Police Seeking Hunter Whose Bullet Entered Private Home

One of the most basic rules for firearm safety is that you should not just know your target but what’s behind it. That’s because bullets can travel a very long way after fired. I mean, sniper legend Carlos Hathcock recorded a kill at just under a mile and a half during the Vietnam War and Navy SEAL Chris Kyle scored one at under one and a quarter miles in Iraq. Neither of these was the longest sniper shots in history, either.

Yet if someone can hit a target at that distance, you’d better believe that it’s possible for a round to travel well beyond the range you’re going to be deer hunting.

Unfortunately, it seems not everyone accounts for what’s beyond their target, and now Connecticut police are looking for one hunter who failed to do just that.

Investigators looking for a hunter who on Monday, while shooting at a deer, and trailing it through the yards of private homes, had his fired bullet smash through a window and land inside a resident’s home.

Guilford Police Department Chief Warren “Butch” Hyatt confirmed for Patch that his officers are working with state environmental police in trying to identify and locate the hunter.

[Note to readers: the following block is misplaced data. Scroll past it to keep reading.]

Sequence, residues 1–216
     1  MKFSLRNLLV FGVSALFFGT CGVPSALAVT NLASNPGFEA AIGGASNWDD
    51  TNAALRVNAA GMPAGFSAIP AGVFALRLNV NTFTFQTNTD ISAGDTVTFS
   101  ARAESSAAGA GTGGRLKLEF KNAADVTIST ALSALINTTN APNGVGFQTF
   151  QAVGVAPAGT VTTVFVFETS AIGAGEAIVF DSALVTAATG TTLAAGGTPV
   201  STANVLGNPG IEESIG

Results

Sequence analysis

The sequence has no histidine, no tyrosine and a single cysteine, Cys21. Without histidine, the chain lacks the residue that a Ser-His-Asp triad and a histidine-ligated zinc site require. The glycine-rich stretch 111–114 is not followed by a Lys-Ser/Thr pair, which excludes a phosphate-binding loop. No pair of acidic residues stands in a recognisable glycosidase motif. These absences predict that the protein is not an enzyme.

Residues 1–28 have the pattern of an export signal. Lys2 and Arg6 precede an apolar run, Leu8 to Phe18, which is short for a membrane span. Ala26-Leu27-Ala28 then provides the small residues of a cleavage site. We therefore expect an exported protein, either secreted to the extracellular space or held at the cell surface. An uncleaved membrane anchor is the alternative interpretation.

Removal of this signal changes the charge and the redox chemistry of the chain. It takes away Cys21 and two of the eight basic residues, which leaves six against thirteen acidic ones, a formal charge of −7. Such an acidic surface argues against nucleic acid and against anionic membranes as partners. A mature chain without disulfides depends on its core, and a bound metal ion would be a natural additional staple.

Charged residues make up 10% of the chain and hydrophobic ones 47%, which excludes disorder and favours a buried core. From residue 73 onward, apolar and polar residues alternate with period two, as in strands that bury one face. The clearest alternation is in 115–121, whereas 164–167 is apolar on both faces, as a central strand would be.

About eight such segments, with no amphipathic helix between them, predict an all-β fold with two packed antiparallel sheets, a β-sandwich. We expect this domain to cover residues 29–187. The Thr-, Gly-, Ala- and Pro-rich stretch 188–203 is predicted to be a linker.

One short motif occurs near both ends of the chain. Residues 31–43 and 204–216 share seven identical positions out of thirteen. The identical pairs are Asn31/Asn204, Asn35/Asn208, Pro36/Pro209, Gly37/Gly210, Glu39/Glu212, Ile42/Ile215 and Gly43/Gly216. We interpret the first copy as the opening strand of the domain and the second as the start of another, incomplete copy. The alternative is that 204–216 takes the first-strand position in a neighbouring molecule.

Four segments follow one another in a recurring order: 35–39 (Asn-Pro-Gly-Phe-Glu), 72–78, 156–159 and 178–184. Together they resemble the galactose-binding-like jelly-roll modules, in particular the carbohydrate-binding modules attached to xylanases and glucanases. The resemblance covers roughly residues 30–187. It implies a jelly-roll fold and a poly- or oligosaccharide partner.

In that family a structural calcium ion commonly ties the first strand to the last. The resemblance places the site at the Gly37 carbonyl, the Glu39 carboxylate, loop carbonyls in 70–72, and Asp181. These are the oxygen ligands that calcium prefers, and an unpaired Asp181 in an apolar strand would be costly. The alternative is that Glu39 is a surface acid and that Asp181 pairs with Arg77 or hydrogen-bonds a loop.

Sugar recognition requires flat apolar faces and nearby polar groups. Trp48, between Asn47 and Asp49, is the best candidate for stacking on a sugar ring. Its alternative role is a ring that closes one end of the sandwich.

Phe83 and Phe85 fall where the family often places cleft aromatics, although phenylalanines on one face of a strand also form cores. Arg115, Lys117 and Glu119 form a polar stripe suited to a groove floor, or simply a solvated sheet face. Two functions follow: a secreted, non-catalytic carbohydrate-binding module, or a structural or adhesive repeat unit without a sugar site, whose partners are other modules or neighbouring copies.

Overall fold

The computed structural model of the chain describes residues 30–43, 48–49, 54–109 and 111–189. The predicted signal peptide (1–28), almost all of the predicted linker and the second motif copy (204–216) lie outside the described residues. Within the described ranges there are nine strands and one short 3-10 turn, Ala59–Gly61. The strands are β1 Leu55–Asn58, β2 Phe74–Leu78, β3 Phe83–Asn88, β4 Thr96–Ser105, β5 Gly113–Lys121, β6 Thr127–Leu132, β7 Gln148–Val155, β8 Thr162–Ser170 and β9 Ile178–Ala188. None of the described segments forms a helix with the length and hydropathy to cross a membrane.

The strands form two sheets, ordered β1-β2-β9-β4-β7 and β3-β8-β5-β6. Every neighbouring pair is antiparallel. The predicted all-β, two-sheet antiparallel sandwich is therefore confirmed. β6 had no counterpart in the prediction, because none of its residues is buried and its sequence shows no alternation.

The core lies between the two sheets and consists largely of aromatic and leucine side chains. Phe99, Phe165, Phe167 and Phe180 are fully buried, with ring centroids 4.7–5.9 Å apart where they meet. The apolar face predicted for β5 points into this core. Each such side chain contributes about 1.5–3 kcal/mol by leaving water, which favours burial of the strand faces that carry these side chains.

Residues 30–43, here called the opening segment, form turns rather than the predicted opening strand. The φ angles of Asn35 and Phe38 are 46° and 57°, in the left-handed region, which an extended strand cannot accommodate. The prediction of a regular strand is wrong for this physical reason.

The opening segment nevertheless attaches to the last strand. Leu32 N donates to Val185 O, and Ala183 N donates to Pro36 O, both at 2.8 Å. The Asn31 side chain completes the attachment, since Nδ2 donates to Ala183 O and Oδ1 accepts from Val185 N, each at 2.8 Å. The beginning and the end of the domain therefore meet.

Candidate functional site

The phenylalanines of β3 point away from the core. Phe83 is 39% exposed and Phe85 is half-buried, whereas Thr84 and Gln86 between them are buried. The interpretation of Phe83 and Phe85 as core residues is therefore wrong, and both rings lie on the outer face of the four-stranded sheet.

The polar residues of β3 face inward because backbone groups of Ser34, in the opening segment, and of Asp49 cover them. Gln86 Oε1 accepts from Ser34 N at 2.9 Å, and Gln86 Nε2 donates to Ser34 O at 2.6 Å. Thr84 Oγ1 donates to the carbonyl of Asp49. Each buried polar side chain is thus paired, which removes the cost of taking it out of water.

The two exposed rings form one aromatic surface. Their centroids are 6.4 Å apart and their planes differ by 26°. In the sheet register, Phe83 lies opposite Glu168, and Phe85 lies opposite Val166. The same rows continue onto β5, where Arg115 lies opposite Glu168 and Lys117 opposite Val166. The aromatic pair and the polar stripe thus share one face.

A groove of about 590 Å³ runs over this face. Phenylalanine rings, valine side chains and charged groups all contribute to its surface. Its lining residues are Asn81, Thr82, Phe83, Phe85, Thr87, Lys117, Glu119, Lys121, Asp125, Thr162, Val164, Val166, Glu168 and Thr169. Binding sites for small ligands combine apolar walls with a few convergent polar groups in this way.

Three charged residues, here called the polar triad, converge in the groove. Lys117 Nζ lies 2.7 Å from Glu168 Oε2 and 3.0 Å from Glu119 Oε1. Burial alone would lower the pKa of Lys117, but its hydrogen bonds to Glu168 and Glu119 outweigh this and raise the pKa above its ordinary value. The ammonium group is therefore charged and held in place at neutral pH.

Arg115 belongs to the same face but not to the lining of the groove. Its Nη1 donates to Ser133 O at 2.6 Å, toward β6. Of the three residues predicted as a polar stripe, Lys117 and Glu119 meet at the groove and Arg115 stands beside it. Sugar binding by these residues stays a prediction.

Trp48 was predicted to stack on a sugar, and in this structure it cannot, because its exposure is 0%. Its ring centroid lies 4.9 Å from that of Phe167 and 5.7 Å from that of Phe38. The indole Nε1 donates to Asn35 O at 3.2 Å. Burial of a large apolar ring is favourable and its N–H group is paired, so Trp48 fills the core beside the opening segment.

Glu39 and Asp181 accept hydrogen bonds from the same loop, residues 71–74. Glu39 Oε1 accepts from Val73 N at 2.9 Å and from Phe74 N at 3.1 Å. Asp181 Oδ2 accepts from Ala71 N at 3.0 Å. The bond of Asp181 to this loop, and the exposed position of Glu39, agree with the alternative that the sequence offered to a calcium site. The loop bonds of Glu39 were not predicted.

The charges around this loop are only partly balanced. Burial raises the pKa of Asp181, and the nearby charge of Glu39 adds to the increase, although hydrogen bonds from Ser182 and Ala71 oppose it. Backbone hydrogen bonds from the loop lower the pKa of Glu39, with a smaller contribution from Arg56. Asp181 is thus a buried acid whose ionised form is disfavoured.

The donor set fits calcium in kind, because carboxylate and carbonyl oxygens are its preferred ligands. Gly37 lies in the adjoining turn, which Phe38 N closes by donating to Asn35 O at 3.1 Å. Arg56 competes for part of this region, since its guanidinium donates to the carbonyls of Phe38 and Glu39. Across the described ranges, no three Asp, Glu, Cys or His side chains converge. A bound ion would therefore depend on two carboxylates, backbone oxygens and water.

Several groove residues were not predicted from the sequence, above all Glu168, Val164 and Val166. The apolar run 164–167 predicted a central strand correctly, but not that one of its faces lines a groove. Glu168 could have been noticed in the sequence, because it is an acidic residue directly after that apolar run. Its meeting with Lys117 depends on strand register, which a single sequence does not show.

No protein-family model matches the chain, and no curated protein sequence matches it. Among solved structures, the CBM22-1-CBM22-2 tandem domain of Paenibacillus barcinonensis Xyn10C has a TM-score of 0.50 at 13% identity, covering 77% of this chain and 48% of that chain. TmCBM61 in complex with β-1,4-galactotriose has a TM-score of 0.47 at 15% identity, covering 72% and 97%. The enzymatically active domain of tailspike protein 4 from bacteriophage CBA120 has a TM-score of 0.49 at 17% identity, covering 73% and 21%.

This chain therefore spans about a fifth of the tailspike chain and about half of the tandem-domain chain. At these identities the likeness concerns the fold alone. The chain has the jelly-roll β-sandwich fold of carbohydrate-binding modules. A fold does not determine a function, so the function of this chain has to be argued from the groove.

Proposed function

So this guy was close to private homes, apparently close enough that the resident with a new bullet hole in her home to see, and was traipsing through people’s yards and firing far too close to homes.

Folks, this is how you get laws on the books. It’s not the person who has to shoot out of some life or death situation that spurs lawmakers to ban people from doing things, it’s the idiots who pull things like this.

To be fair, though, I suspect that calling this person a hunter is far too generous. If they were going through people’s private property like this, I suspect they’re more of a poacher than a hunter. Maybe I’m wrong, but they’re definitely irresponsible and dangerous.

While no one was injured, that’s from luck more than anything. That’s why we have rules for proper gun handling, to prevent things like this from happening and to prevent them from being far more tragic than a few home repairs. Patching windows and holes in walls are easy. Patching holes in people is a bit messier.

My hope is that police find the individual responsible and prosecute him for his carelessness if nothing else.

Someone could have been injured or killed, and while I like venison as much as the next guy and more than a lot of folks, it’s not worth accidentally killing someone to get it. These kinds of actions need to be called out and denounced, which I’m more than happy to do. This is not how the hunting community acts and it’s not how gun owners should act.

With luck, the individual will be found, arrested, and prosecuted. Then he’ll have the opportunity to tell his side in a court of law.

I also suspect he’ll be forking over some money for repairs should they find him, too.